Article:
Sunday, January 3, 2016

Data Pipeline and ETL tasks in Go using Ratchet

As Data Engineers and Software Engineers we might define Data Pipelines differently. This Wikipedia entry defines a pipeline as a set of data processing elements connected in series, where the output of one element is the input of the next one; often executed in parallel. That is pretty close to how I'll define it here. More specifically, I'll use The Golang Blog's informal definition:

A series of stages connected by channels, where each stage is a group of goroutines running the same function. In each stage, the goroutines receive values from upstream via inbound channels; perform some function on that data, usually producing new values; and send values downstream via outbound channels.

Ratchet is a Go library that abstracts these pipeline concepts, giving you a clear-cut framework to work with. You will satisfy a data processing interface and be provided with some convenience methods for managing the flow of data.

Perhaps you have been tasked with creating automated pipelines that fetch data from disparate sources -- such as remote databases or web services -- and then cleaning up, transforming and aggregating the unorganized data into specialized databases or data sources (an RDBMS, CSV files, email queues, etc.) so your team can use that organized data for analytics and other purposes since most programs are a form of ETL.

Ratchet is an open-source project by Daily Burn. It provides a better way of extracting data from the databases and web services an application uses, then transforming and loading that data into reporting-oriented formats. It makes doing these tasks more robust than creating basic scripts or using limited 3rd-party services that don't give you full control over your data processing.

SETUP

You can find code examples here.

Install ratchet by running:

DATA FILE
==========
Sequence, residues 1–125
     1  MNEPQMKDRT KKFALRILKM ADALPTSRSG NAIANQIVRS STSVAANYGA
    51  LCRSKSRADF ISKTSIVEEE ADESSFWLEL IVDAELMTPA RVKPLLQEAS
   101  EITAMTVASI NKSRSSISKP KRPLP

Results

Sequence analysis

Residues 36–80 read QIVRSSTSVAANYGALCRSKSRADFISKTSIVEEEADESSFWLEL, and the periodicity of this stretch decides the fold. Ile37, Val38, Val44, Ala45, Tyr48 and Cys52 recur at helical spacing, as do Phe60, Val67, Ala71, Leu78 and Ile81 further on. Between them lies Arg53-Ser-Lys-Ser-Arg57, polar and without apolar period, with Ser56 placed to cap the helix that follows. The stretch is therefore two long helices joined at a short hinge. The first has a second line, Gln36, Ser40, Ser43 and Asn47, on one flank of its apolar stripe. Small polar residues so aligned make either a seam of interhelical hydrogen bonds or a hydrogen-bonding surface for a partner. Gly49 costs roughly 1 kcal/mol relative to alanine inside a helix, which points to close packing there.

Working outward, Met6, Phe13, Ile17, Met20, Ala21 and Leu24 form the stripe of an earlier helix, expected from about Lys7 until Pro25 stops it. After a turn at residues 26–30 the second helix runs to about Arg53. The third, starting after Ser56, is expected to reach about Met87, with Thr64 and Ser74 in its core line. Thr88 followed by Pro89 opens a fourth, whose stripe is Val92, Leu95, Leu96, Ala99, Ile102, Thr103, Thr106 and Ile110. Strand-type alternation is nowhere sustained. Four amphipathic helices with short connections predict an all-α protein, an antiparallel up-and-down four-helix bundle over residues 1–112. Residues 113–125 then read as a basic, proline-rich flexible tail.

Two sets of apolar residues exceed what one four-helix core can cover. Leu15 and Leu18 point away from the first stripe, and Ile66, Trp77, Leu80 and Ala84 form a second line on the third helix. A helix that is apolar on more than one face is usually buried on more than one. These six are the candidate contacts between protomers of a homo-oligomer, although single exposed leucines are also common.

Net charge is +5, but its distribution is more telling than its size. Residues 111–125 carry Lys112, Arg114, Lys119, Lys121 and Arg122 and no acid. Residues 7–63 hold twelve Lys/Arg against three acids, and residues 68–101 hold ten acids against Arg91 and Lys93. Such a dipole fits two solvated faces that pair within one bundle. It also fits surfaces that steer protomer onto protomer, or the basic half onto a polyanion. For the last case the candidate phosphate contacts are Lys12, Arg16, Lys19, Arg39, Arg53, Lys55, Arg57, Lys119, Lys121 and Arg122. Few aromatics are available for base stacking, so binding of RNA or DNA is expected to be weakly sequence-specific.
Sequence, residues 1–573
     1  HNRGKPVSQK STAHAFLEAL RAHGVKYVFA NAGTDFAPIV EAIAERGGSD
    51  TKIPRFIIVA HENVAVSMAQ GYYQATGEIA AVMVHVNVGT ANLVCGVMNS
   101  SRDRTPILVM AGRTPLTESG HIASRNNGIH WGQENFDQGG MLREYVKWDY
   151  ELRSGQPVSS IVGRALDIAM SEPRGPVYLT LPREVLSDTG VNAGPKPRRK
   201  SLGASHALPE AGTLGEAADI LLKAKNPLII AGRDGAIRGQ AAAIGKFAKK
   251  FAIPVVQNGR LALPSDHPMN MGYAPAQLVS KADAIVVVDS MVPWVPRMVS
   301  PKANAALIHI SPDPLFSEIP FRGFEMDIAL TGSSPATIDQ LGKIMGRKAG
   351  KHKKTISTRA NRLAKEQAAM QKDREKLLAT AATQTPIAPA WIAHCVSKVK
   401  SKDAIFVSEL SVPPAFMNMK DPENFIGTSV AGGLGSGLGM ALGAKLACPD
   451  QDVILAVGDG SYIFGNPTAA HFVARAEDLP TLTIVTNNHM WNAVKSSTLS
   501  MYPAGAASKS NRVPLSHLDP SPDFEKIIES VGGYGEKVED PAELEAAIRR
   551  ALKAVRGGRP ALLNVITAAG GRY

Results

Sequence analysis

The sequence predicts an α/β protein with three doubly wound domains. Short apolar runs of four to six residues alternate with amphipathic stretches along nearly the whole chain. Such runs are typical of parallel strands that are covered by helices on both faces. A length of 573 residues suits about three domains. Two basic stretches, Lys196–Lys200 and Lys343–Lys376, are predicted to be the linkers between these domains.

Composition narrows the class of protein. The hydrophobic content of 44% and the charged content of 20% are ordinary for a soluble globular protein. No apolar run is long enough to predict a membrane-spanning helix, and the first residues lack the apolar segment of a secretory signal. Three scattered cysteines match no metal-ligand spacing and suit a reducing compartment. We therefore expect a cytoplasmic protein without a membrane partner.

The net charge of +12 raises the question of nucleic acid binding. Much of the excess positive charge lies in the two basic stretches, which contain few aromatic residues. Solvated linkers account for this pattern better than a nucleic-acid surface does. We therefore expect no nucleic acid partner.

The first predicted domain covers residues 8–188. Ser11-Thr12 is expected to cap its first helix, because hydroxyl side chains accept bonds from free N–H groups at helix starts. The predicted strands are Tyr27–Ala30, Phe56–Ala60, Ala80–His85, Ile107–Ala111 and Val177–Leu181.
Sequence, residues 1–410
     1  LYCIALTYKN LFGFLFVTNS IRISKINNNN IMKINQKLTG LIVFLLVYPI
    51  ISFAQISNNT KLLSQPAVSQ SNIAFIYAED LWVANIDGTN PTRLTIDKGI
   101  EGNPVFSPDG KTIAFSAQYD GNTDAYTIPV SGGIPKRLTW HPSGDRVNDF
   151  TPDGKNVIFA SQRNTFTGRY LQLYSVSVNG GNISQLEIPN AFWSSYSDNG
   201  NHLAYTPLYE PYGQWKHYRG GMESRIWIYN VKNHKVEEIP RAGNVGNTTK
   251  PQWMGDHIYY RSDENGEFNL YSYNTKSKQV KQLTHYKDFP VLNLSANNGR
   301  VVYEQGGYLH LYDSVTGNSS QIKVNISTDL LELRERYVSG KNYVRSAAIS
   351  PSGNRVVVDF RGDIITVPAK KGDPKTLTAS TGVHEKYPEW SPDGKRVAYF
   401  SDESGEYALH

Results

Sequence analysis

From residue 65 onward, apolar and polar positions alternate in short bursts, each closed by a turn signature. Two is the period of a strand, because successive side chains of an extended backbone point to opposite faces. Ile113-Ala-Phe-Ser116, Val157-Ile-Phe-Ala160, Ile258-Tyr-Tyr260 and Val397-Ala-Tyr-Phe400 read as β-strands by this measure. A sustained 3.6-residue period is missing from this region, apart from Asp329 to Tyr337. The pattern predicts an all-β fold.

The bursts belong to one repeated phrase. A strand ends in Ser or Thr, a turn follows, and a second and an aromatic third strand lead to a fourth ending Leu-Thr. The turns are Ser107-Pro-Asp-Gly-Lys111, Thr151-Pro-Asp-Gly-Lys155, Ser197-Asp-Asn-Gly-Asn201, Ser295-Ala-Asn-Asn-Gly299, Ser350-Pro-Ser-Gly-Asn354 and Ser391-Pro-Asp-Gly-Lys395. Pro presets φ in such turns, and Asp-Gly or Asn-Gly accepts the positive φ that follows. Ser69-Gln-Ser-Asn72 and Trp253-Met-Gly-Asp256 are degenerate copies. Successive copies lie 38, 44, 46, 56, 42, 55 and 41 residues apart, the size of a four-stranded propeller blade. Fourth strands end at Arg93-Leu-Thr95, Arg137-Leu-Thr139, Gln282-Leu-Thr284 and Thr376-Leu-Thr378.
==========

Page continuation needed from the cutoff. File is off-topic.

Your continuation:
go get github.com/dailyburn/ratchet

Example project layout (There's no required convention):

$GOPATH/src/<YOUR REPO>/<YOUR USER>/<YOUR PROJECT>
├── main.go              Data Processor initialization & Pipeline
├── packages             Your non-main packages, e.g. mypkg
│   ├── models.go        JSON structs for transforms.go
│   ├── queries.go       SQL query functions for SQLReaders
│   └── transforms.go    Custom DataProcessors

Ratchet consists of a Pipeline with a series of PipelineStages, which each handle one or more DataProcessors. DataProcessors each run in their own goroutine so all of the data is processed concurrently. The DataProcessors send and receive JSON for convenience. Ratchet gives you some useful data processors and an interface for you to implement custom ones.

Your Ratchet tasks will likely use a combination of the provided DataProcessors and your own custom ones. If you're creating an ETL task, the custom DataProcessors will usually be for the Transform stage while the Extract and Load stages could use the built-in Reader/Writer DataProcessors such as SQLReader and SQLWriter. But there are times when you will create custom Data Processors even for the extract stages, such as when you're making calls to 3rd party REST Apis, and the like.

There are other DataProcessors provided for your convenience, such as ones for Google's BigQuery and more. You will get to mix-and-match things as they make sense to your application. See the full-list of provided DataProcessors.

You will typically begin your Ratchet code by including the necessary packages. For the sake of example I will assume you are also going to access an RDBMS, such as MySQL, to perform some SQL reads and/or writes on:

package main

import (
    "github.com/dailyburn/ratchet"
    "github.com/dailyburn/ratchet/logger"
    "github.com/dailyburn/ratchet/processors"
    "github.com/<YOUR_USER>/<YOUR_PROJECT>/packages"
    "database/sql"
    _ "github.com/go-sql-driver/mysql"
)

Note that for PostgreSQL you'd import _ "github.com/lib/pq".

For the examples below we will be assuming we're extracting data from a MySQL database `srcDB`, querying its `users` table, transforming the data, and finally outputing the transformed data to a table `users2` in the destination database `dstDB`.

EXTRACT

Since an SQLReader takes a *sql.DB as the first parameter, you'll start by creating one, as we do with the setupDB function below. You'll pass that and an SQL query string to NewSQLReader to create an SQLReader for the "extract" stage: